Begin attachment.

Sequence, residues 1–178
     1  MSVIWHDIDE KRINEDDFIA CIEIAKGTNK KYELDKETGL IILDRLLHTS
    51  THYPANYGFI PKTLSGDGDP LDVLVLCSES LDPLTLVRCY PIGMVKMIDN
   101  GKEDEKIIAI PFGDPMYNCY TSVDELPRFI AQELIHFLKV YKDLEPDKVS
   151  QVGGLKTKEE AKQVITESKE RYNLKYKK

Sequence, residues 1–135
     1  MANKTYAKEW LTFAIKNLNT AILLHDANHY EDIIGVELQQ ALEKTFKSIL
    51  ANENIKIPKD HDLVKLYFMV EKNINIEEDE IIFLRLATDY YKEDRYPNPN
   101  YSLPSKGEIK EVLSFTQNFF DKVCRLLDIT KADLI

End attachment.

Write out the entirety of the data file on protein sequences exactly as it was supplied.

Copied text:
Sequence, residues 1–178
     1  MSVIWHDIDE KRINEDDFIA CIEIAKGTNK KYELDKETGL IILDRLLHTS
    51  THYPANYGFI PKTLSGDGDP LDVLVLCSES LDPLTLVRCY PIGMVKMIDN
   101  GKEDEKIIAI PFGDPMYNCY TSVDELPRFI AQELIHFLKV YKDLEPDKVS
   151  QVGGLKTKEE AKQVITESKE RYNLKYKK

Sequence, residues 1–135
     1  MANKTYAKEW LTFAIKNLNT AILLHDANHY EDIIGVELQQ ALEKTFKSIL
    51  ANENIKIPKD HDLVKLYFMV EKNINIEEDE IIFLRLATDY YKEDRYPNPN
   101  YSLPSKGEIK EVLSFTQNFF DKVCRLLDIT KADLI